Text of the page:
A constrained posture, uneasy to the man himself, is disagreeable to the spectator; whence a rule in painting, that the drapery ought not to ad
*Sunt enim Tempe saltus transitu difficilis: nam præter angustias per quinque millia, qua exiguum jumento onusto iter est, rupes utrinque ita abscissæ sunt, ut despici vix sine vertigine quadam simul oculorum animique possit. Titus Livius, lib. xliv. sect. 6.
here to the body, but hang loose, that the figures may appear easy and free in their movements. The constrained posture of a French dancing master in one of Hogarth's pieces, is for that reason disagreeable; and it is also ridiculous, because the constraint is assumed as a grace.
The foregoing observation is not confined to emotions or feelings raised by still life: it holds also in what are raised by the qualities, actions, and passions, of a sensible being. Love inspired by a fine woman assumes her qualities: it is sublime, soft, tender, severe or gay, according to its cause. This is still more remarkable in emotions raised by human actions: it hath already been remarked,* that any signal instance of gratitude, beside procuring esteem for the author, raiseth in the spectator a vague emotion of gratitude, which disposeth him to be grateful; and I now further remark, that this vague emotion hath a strong resemblance to its cause, namely, the passion that produced the grateful action courage exerted inspires the reader as well as the spectator with a like emotion of courage, a just action fortifies our love of justice, and a generous action rouses our generosity. In short, with respect to all virtuous actions, it will be found by induction, that they lead us to imitation, by inspiring emotions resembling the passions that produceth these actions. And hence the advantage of choice books and choice company.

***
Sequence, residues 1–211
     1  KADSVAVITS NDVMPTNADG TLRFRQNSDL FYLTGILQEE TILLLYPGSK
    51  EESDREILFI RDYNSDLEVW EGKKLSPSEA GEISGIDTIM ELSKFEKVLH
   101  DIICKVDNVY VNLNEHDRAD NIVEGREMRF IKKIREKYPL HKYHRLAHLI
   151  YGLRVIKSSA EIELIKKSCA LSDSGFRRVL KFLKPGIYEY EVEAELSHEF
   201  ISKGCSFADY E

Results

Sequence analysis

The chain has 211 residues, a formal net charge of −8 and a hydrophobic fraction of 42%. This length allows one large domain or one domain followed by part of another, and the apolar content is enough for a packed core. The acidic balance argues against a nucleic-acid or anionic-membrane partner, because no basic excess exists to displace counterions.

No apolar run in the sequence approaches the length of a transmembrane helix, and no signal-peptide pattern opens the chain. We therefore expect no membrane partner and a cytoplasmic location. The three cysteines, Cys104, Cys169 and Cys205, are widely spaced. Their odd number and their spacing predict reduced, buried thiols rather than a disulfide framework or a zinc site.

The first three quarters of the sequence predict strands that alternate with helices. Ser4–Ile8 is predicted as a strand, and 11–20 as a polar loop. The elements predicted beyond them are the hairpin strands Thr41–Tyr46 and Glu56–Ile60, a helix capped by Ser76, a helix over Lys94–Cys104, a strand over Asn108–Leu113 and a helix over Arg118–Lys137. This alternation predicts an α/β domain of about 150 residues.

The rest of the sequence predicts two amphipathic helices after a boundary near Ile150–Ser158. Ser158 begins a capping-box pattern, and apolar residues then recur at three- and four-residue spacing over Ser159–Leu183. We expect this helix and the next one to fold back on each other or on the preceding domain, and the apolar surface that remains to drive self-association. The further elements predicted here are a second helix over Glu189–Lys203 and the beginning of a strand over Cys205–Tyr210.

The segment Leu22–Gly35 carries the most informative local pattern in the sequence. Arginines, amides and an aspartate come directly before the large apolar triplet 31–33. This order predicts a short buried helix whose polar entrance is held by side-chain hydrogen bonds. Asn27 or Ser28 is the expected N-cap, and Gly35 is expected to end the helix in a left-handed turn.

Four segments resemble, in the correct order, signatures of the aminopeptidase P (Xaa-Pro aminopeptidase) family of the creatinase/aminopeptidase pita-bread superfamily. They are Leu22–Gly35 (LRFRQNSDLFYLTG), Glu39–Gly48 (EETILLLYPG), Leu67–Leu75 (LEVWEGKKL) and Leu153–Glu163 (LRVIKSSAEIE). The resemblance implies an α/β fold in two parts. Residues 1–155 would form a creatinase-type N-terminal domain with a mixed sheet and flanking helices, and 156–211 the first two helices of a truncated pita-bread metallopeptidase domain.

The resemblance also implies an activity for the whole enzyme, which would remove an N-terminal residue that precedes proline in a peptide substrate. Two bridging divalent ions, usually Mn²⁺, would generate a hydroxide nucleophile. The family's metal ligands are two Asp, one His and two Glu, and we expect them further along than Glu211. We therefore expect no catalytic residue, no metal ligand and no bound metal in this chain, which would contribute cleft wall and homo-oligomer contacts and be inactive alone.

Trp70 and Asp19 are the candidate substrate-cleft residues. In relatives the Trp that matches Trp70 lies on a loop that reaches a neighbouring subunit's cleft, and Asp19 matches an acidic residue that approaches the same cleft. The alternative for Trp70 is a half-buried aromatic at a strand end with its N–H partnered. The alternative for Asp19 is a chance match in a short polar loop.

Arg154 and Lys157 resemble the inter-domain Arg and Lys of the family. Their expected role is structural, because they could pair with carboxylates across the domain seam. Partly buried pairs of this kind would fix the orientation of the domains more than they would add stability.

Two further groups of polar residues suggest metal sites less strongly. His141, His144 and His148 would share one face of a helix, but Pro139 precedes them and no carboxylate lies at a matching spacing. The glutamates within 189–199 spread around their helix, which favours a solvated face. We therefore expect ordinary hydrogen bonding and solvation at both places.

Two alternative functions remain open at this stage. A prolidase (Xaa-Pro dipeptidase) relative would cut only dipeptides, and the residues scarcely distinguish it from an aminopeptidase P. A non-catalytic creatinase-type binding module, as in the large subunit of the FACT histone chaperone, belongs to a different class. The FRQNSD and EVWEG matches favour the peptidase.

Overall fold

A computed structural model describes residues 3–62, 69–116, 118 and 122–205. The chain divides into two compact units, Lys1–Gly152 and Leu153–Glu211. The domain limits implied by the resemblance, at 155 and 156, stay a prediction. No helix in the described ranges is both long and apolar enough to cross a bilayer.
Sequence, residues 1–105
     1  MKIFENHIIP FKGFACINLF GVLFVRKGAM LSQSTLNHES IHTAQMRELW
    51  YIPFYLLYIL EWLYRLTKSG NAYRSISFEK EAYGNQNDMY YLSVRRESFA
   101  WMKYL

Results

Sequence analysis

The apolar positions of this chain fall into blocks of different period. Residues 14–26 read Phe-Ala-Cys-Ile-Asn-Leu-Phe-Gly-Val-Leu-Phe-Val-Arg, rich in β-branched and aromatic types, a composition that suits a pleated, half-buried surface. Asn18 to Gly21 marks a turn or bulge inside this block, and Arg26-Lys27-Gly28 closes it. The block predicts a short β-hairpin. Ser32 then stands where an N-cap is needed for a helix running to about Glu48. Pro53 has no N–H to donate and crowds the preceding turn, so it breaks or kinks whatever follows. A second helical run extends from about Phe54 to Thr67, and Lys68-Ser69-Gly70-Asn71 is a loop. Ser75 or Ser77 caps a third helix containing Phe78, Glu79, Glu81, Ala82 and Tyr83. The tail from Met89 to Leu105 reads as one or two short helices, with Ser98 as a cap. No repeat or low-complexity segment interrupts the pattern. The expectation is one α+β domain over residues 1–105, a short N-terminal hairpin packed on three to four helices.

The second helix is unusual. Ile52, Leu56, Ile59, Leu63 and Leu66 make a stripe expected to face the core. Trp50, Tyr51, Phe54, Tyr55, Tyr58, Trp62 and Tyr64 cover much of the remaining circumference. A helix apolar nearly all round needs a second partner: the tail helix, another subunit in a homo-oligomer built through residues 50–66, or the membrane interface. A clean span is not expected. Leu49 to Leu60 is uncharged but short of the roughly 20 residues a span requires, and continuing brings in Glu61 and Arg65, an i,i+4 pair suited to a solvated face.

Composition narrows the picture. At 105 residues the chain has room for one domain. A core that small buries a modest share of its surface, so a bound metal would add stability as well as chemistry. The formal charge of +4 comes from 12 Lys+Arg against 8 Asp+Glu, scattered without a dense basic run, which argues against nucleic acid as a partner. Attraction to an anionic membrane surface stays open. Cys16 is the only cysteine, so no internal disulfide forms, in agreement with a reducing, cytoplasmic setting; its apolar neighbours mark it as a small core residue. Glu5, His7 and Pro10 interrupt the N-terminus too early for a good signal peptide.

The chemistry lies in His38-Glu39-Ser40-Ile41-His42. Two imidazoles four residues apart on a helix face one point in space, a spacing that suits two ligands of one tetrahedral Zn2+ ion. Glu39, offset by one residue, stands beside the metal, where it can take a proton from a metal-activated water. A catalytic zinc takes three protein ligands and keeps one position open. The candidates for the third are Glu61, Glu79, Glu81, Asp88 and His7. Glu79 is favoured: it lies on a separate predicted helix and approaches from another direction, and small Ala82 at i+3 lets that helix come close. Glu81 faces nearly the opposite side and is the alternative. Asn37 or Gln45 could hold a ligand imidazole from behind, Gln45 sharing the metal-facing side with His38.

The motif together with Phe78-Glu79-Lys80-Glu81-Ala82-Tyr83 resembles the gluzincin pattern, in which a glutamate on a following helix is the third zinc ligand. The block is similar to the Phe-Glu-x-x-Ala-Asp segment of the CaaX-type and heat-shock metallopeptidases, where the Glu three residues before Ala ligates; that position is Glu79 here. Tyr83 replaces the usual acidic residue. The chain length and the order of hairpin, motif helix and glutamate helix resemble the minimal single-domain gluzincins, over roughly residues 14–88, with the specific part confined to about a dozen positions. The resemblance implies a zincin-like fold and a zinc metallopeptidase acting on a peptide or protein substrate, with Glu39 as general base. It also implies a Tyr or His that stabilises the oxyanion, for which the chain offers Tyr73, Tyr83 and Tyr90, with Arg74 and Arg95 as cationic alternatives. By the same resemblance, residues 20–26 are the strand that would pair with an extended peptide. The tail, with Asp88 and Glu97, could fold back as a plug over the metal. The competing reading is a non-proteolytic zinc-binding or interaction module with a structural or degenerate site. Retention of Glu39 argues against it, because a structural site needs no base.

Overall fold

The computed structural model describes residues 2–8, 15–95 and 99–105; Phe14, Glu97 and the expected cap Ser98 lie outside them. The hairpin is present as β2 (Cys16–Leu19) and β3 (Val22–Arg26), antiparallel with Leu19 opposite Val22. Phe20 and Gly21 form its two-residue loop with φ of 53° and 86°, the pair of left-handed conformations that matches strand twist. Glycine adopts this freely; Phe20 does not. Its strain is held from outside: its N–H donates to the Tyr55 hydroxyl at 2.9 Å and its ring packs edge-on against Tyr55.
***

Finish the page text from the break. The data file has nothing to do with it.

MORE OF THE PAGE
Grief as well as joy are infectious :) the emotions they raise in a spectator resemble them perfectly. Fear is equally infectious and hence in an army, a few taking fright, even without cause, spread the infection till it becomes an universal panic. (Pity is similar to its cause; a parting scene be
* Part I. of this chapter, sect. iv.
tween lovers or friends, produceth in the spectator a sort of pity, which is tender like the distress : the anguish of remorse, produceth pity of a harsh kind; and if the remorse be extreme, the pity hath a mixture of horror. Anger I think is singular; for even where it is moderate, and causeth no disgust, it disposes not the spectator to anger in any degree.* Covetousness, cruelty, treachery, and other vicious passions, are so far from raising any emotion similar to themselves, to incite a spectator to imitation, that they have an opposite effect: they raise abhorrence, and fortify the spectator in his aversion to such actions. When anger is immoderate, it cannot fail to produce the same effect.